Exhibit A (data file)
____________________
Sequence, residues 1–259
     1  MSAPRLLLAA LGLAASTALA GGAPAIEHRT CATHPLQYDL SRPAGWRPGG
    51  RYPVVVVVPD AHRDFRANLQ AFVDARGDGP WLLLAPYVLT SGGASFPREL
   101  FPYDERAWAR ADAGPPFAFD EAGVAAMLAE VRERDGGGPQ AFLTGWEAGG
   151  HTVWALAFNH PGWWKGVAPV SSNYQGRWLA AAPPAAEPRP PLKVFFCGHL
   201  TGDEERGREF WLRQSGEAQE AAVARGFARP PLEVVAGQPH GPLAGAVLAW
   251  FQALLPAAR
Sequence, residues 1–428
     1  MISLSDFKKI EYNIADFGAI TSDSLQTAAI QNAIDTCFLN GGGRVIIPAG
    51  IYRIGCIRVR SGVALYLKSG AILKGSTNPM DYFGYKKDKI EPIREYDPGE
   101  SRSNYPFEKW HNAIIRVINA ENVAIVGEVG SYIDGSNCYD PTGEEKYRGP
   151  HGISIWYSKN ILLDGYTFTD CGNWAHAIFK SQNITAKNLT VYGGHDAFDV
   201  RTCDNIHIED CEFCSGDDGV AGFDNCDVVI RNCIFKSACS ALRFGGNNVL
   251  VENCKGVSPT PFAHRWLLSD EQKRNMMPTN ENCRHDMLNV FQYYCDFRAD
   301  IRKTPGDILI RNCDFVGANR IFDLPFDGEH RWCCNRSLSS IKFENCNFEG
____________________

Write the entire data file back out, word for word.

Sequence, residues 1–259
     1  MSAPRLLLAA LGLAASTALA GGAPAIEHRT CATHPLQYDL SRPAGWRPGG
    51  RYPVVVVVPD AHRDFRANLQ AFVDARGDGP WLLLAPYVLT SGGASFPREL
   101  FPYDERAWAR ADAGPPFAFD EAGVAAMLAE VRERDGGGPQ AFLTGWEAGG
   151  HTVWALAFNH PGWWKGVAPV SSNYQGRWLA AAPPAAEPRP PLKVFFCGHL
   201  TGDEERGREF WLRQSGEAQE AAVARGFARP PLEVVAGQPH GPLAGAVLAW
   251  FQALLPAAR
Sequence, residues 1–428
     1  MISLSDFKKI EYNIADFGAI TSDSLQTAAI QNAIDTCFLN GGGRVIIPAG
    51  IYRIGCIRVR SGVALYLKSG AILKGSTNPM DYFGYKKDKI EPIREYDPGE
   101  SRSNYPFEKW HNAIIRVINA ENVAIVGEVG SYIDGSNCYD PTGEEKYRGP
   151  HGISIWYSKN ILLDGYTFTD CGNWAHAIFK SQNITAKNLT VYGGHDAFDV
   201  RTCDNIHIED CEFCSGDDGV AGFDNCDVVI RNCIFKSACS ALRFGGNNVL
   251  VENCKGVSPT PFAHRWLLSD EQKRNMMPTN ENCRHDMLNV FQYYCDFRAD
   301  IRKTPGDILI RNCDFVGANR IFDLPFDGEH RWCCNRSLSS IKFENCNFEG